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And the Award Goes To...

And the Award Goes To...

In December, the American Institute of Architects announced this year’s top honors, and by its choices, seems to be making a statement about the importance of interdisciplinary and sustainable approaches in architectural practice. , generally considered the AIA’s highest honor and a lifetime achievement award of sorts, Piano was recognized for the impressive scope of his oeuvre. “His work demonstrates the complete range of architectural concerns,” Thomas Howorth, chair of the nominating committee, said in a statement. “It is sculptural, beautiful, technically accomplished, and sustainable. He integrates the diverse disciplines that combine in contemporary building into cohesive, humane environments.”

Piano came to the world’s attention for his work on the Centre George Pompidou in Paris, which he completed in 1977 with fellow Pritzker Prize winner , an award in recognition of an outstanding architectural educator presented jointly by the AIA and the Association of Collegiate Schools of Architecture. He has been teaching for almost five decades, including repeat stints at the University of Illinois at Chicago. “Tigerman is a nonpareil instructor whose impact on the students he has taught formally and informally for so long is magnified many times over by the informed and passionate love of architecture those students, now teachers and practitioners themselves, bring to the world,” Jane Weinzapfel, principal at  in 2001 to help the firm pursue its R&D–driven approach to architecture. That research-driven approach helped it win the Architecture Firm Award, in addition to its commitment to sustainable design. “They see the holistic approach to what we do,” partner James Timberlake said of the AIA.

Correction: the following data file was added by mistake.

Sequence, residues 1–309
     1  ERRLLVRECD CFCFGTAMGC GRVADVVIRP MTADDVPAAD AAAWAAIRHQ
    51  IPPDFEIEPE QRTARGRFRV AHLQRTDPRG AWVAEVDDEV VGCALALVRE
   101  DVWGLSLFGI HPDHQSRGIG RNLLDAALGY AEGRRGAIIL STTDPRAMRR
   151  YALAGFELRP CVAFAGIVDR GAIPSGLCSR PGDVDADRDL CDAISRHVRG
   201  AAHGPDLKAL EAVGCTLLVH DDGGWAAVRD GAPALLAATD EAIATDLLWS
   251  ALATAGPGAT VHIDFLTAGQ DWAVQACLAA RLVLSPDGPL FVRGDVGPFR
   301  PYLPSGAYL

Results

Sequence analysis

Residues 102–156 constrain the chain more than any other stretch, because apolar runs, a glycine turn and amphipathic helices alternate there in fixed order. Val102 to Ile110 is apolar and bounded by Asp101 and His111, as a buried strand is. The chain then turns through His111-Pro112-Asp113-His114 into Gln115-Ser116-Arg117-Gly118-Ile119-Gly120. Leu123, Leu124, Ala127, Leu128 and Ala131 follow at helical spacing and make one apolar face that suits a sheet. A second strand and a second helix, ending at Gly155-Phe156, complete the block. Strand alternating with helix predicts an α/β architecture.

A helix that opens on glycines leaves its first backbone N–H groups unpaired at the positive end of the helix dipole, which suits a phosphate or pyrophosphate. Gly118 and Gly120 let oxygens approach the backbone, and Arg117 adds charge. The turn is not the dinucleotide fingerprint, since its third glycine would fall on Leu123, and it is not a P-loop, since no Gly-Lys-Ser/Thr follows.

Stephen Kieran, another partner, said he is pleased to have won the Firm Award because of what it represents. “What’s really gratifying is that it’s not about a building,” he said. “What we’ve won so far has been for our buildings. This is an award for a collaborative process that creates all these buildings; it’s really an award about what we believe, which is the power of collaboration.”

With the recognition of these architects, the AIA may be trying to lead the industry in a more progressive direction, Tigerman said. "It’s in the air," he said. "There are three things kind of floating around: The first is a multidisciplinary approach, the second is global issues, and the third is social cause. The AIA is sending a message that ethical practice and ethical behavior seem to count."

Richard Meier, who won the Gold Medal in 1997, completed the Atheneum in 1979, and the project has been lauded ever since. In 1979, it won a Progressive Architecture award, and in 1982, an AIA Honor Award. According to juror Peter Eisenman, it is one of Meier’s seminal works.


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